This study is based on the release of a POP-type chemical predicted to undergo long-range transport from undefined emission sources. POPs can be present in gaseous form in the atmosphere or bound to the surface of solid particles. Contamination of remote areas such as the Arctic environment can be via atmospheric, oceanic current and/or freshwater transport. POPs can undergo several cycles of transport, deposition and re-volatilisation. These processes are often strongly influenced by temperature.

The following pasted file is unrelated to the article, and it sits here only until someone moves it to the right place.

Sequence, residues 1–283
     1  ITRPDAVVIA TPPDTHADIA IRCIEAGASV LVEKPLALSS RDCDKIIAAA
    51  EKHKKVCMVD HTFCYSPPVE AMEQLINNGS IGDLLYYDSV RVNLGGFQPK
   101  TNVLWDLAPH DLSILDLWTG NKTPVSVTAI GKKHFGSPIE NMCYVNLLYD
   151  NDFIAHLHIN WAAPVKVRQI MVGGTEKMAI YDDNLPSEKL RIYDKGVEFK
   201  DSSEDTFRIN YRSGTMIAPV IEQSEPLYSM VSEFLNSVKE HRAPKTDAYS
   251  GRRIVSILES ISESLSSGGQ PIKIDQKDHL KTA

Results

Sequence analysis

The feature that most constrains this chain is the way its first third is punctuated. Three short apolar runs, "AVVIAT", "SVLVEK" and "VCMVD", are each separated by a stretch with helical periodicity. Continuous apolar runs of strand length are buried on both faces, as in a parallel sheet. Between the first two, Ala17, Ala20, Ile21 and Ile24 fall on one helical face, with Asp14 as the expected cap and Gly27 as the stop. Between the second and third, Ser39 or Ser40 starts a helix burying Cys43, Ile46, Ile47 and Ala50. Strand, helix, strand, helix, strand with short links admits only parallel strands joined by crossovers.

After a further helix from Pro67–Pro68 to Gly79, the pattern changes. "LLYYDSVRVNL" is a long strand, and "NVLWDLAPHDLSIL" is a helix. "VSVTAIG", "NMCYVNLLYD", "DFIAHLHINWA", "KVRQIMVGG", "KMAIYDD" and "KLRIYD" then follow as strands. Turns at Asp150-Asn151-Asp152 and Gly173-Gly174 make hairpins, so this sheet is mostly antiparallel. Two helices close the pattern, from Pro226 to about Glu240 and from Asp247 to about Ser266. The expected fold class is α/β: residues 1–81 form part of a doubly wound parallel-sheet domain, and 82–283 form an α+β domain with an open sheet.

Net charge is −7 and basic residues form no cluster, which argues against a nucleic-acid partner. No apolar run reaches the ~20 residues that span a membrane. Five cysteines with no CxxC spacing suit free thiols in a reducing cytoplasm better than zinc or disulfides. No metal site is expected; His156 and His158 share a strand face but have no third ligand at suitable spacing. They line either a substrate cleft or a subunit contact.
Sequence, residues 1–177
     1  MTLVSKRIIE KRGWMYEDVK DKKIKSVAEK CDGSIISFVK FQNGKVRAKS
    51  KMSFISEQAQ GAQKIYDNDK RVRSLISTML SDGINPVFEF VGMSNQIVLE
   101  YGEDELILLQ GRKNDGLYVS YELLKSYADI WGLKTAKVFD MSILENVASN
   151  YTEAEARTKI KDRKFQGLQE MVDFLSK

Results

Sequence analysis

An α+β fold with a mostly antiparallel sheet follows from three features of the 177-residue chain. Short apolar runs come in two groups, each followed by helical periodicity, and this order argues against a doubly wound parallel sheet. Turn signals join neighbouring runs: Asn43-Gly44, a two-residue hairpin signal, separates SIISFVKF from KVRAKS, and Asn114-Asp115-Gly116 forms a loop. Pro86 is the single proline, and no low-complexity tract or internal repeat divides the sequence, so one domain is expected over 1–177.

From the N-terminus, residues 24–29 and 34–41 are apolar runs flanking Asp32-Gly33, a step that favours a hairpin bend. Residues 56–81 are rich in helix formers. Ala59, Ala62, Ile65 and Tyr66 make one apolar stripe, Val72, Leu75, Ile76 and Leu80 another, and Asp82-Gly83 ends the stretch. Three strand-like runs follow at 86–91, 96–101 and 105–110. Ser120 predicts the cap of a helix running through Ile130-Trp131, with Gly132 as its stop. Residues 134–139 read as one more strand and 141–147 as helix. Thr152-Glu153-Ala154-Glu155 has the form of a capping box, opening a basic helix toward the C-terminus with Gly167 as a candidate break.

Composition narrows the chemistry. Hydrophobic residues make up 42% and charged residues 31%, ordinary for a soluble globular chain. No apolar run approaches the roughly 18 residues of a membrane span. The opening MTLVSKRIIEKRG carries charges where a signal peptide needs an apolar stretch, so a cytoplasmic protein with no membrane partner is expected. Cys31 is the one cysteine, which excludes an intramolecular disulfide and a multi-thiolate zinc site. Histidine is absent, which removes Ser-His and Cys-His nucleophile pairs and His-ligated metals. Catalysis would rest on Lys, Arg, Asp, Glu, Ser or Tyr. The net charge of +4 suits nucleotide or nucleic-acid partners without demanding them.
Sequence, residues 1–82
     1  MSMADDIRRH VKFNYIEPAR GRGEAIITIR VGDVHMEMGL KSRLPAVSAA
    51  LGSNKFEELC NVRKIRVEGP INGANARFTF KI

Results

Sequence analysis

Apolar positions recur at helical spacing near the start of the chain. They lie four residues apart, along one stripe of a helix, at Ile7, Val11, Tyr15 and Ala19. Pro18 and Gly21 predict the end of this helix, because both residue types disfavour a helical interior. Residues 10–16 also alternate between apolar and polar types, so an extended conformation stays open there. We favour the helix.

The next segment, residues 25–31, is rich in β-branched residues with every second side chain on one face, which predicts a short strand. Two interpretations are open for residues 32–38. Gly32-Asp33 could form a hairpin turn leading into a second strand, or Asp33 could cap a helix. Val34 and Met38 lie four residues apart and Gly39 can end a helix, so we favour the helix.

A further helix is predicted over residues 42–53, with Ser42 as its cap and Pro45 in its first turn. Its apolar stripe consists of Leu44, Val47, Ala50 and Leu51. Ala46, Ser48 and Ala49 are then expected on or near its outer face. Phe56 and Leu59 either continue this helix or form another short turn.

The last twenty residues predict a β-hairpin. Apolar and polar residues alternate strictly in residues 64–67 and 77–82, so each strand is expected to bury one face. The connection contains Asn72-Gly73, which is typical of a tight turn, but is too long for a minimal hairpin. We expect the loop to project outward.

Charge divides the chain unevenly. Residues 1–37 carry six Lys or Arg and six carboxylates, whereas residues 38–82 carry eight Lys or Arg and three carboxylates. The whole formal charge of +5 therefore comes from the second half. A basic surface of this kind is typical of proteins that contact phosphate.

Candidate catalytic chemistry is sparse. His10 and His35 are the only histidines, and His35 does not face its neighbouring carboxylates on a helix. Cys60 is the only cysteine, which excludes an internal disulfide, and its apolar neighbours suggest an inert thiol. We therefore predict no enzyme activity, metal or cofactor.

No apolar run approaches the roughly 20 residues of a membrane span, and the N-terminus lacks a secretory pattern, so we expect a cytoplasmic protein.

The chemical is assumed to have generic characteristics, i.e. low abiotic and biotic degradation / transformation rates, a high vapour pressure and high hydrophobicity (potential to bioaccumulate). This allows for bioaccumulation in fatty tissues of living organisms and slow metabolism, which confers the compound’s persistence and accumulation in food chains.
In the last 30 years international regulations (see Chapter 3) and voluntary phase-outs have significantly reduced exposure. Nevertheless new POP like substances are regularly developed which could cause new pressures on ecosystem services in Arctic regions (Vorkamp and Riget, 2014).